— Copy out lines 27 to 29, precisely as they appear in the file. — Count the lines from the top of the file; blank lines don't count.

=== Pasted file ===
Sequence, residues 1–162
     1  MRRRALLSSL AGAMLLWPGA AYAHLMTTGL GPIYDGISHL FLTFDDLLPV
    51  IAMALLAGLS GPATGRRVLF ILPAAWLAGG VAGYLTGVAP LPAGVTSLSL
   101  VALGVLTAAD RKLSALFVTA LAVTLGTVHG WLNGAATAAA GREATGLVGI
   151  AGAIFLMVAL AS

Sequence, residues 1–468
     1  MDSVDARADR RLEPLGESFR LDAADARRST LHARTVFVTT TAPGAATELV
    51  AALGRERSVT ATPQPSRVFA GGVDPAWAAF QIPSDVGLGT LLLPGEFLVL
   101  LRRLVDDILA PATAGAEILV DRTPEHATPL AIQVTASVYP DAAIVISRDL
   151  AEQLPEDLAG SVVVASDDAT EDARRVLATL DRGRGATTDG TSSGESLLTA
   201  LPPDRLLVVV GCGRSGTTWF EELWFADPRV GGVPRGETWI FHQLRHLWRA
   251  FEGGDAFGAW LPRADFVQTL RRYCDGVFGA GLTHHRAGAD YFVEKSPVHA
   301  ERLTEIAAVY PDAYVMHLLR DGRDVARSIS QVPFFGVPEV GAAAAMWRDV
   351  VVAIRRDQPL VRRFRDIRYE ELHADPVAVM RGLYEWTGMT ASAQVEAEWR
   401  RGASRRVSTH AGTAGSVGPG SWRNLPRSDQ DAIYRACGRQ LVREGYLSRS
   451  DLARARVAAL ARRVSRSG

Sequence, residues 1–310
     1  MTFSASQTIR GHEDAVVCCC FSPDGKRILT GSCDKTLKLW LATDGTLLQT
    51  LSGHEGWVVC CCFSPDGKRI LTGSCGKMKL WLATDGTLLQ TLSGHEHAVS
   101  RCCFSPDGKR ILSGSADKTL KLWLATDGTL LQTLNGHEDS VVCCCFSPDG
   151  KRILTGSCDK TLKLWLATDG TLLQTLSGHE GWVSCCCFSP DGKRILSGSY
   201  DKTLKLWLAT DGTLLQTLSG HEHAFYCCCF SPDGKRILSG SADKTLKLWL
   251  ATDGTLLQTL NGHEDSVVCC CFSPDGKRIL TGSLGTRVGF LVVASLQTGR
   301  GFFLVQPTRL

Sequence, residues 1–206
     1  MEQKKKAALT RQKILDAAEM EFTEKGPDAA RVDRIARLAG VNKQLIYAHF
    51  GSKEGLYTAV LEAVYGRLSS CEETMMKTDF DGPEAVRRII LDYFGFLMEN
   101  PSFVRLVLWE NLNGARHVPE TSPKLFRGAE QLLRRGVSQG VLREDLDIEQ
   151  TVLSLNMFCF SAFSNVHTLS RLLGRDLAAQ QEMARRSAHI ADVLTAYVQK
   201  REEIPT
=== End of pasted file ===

    51  GSKEGLYTAV LEAVYGRLSS CEETMMKTDF DGPEAVRRII LDYFGFLMEN
   101  PSFVRLVLWE NLNGARHVPE TSPKLFRGAE QLLRRGVSQG VLREDLDIEQ
   151  TVLSLNMFCF SAFSNVHTLS RLLGRDLAAQ QEMARRSAHI ADVLTAYVQK